Good journalism is still around

This morning, a trusted scientist called my attention to a tweet thread by Jordan Fischer listing the many good stories journalists in the US had done that had improved the lives of people. The scientist then tagged me, presumably to respond to his request for someone to compose a similar thread of stories that journalists in India had produced to similar effect – but which he also suggested could push back against the low credibility Indian journalists had among the people who had abhorrent names (you know which ones) for our ilk.

The two of us had a short exchange during which I wrote an extended reply on my Notes app and shared a screenshot of it, to save me the trouble of threading it out. I’m pasting this reply below.

I’m glad Jordan did that thread but … I’m yet to see a reasoned rebuttal to the activities of journalists that makes moral as well as logical sense, and that’s why I’m reluctant to have to explain myself in response to such requests (to publish a thread of things journalism has done right, etc.).

For example, I’ve had an uncle watch the news on TV every night for a month and not once ask why channel X was freely showing a man being murdered or beaten unconscious or why channel Y was making ludicrous (to me) claims about a vaccine’s safety based on studies of mice – but he would take umbrage at every single report by The Wire, if only to ask, “Is this really true? Are you guys sure you’re not making this up?” This is not reasoned opposition to how different journalists are doing their jobs, leave alone journalism as an enterprise.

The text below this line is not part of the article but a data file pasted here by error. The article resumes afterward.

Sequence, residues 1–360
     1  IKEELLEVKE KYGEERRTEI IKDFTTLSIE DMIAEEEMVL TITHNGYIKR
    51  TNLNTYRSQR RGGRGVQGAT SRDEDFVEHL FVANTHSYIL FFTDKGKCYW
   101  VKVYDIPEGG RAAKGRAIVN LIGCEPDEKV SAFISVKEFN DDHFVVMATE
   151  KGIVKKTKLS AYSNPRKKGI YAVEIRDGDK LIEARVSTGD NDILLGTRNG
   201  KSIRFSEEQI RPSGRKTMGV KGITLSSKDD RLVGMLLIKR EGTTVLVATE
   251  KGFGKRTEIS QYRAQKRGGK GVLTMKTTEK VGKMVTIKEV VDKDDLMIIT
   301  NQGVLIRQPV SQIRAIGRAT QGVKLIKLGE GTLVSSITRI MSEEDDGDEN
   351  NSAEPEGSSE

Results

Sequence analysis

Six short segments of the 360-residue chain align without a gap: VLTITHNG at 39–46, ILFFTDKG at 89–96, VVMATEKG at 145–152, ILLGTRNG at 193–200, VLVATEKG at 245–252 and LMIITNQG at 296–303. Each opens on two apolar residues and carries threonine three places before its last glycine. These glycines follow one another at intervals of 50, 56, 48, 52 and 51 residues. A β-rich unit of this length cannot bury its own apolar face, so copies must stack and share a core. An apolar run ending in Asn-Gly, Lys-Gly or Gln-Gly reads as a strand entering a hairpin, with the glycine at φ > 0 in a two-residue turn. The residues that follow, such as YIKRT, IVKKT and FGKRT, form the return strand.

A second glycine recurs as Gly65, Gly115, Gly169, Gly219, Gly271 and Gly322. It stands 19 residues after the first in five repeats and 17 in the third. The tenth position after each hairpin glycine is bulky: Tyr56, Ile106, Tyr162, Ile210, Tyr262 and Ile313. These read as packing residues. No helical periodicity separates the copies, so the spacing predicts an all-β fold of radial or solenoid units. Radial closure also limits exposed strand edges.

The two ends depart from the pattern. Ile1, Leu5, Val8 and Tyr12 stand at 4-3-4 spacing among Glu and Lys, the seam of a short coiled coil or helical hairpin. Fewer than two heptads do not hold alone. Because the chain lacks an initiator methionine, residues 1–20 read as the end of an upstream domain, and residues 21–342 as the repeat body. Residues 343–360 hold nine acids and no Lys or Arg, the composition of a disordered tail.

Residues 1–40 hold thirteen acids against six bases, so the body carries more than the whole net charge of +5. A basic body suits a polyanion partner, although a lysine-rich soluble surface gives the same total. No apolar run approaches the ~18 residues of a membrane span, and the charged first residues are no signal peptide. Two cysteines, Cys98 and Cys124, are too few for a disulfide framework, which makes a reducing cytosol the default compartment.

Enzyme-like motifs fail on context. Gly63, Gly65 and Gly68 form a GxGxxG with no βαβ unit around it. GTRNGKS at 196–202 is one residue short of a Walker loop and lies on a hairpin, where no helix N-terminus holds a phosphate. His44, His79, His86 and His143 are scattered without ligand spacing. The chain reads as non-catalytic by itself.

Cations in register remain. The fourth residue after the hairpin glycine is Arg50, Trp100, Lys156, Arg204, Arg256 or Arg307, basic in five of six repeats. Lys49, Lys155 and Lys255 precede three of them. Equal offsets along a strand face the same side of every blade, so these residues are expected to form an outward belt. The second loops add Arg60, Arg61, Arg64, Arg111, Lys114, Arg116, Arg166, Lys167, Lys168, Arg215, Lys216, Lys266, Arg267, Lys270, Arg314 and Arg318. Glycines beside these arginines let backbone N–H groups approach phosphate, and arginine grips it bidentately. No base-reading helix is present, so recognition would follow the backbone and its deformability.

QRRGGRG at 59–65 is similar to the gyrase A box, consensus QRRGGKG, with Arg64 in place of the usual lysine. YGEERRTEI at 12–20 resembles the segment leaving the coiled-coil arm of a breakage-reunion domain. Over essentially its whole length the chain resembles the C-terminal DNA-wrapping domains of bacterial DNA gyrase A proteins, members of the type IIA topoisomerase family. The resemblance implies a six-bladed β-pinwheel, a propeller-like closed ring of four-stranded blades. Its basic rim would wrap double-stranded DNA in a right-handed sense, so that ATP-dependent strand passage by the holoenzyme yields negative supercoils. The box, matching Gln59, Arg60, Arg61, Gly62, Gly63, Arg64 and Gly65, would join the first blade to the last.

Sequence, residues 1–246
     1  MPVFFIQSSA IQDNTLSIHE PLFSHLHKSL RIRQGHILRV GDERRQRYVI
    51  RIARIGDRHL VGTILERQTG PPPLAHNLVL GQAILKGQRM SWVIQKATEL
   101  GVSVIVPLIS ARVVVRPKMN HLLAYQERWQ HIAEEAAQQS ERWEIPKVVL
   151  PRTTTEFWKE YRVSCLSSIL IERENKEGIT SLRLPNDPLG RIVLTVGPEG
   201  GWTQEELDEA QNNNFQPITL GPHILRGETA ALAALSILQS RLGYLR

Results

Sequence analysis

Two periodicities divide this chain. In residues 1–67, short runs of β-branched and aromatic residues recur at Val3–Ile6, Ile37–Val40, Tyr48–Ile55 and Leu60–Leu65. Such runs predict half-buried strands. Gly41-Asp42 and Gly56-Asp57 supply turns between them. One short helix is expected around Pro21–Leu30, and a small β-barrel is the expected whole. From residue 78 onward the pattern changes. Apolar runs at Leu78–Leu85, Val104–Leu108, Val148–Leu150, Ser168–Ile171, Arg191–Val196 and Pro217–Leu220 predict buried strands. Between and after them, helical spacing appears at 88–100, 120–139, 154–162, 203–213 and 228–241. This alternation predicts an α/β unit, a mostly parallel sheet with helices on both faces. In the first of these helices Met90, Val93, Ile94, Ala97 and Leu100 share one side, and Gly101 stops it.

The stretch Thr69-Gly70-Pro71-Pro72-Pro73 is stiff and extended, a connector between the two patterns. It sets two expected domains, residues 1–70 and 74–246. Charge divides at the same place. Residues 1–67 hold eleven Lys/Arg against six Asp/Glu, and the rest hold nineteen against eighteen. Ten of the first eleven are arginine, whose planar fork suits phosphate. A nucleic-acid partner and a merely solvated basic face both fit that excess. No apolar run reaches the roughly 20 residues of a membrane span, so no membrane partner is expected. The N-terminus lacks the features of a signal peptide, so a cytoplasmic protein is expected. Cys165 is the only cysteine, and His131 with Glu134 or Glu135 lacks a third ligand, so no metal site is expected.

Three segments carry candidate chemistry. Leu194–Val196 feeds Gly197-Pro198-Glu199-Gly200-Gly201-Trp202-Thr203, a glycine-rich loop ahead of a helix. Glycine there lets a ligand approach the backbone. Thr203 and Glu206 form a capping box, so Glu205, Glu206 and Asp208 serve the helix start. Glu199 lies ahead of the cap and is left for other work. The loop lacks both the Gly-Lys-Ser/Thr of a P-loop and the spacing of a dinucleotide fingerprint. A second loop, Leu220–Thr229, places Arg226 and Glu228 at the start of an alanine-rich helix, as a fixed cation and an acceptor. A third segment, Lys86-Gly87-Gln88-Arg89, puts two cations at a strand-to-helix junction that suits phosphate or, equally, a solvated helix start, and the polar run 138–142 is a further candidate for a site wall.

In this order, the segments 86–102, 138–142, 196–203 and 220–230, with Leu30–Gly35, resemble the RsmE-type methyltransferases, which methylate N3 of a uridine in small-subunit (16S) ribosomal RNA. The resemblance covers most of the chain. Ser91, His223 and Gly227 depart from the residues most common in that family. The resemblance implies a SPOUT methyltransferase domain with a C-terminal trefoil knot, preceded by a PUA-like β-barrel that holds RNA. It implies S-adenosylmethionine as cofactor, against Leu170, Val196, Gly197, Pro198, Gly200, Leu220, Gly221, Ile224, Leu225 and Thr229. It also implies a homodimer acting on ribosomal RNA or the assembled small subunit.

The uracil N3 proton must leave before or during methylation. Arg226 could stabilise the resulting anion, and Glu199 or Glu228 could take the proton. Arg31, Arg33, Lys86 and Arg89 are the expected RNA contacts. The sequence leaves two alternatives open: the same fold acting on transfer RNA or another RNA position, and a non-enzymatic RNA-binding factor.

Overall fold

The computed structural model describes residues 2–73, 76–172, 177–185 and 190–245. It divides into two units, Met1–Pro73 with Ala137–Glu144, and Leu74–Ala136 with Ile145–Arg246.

Beyond the level of taking exception to individual pieces, I’m yet to meet a person who, for example, has questions about why it’s not good for journalists to submit to external regulation or how different business models affect editorial decisions. It’s always been about how “irresponsible” we are to criticise the government at every turn, with a clear and widening divide between groups of people who are often pro-Hindutva and people who are not that the law of large numbers simply doesn’t explain. This is clearly, if only to me, not about journalism. It’s a contest of views, missing the point though it does, about the role and responsibility of every enterprise that claims to serve the people in a nationalist country.

And those who think journalists ought not to speak truth to power, but help expand the scope of such power – that’s when we become “press******s”. (I’m as averse as any journalist to use this term; I invoke it here to be clear about the sort of thinking I associate with it.) We don’t seem to become “press******s” when we pillory the Gandhi family for their dynastic politics, but we seem to do when we investigate corruption in the BJP. We don’t seem to become “press******s” when we pull up the West Bengal government for its incompetent response to the COVID-19 crisis, but we seem to do when we turn our attention to the ‘Gujarat model’ and its effects on public healthcare.

This doesn’t seem like it’s about what journalists are or aren’t doing but about what journalism stands in the way of. It’s about people undermining journalism for personal gains. And power is personal. It’s a personal choice to call journalists foul names because it’s a personal choice to decide which lines are okay to cross en route to whatever goals the utterer has in mind.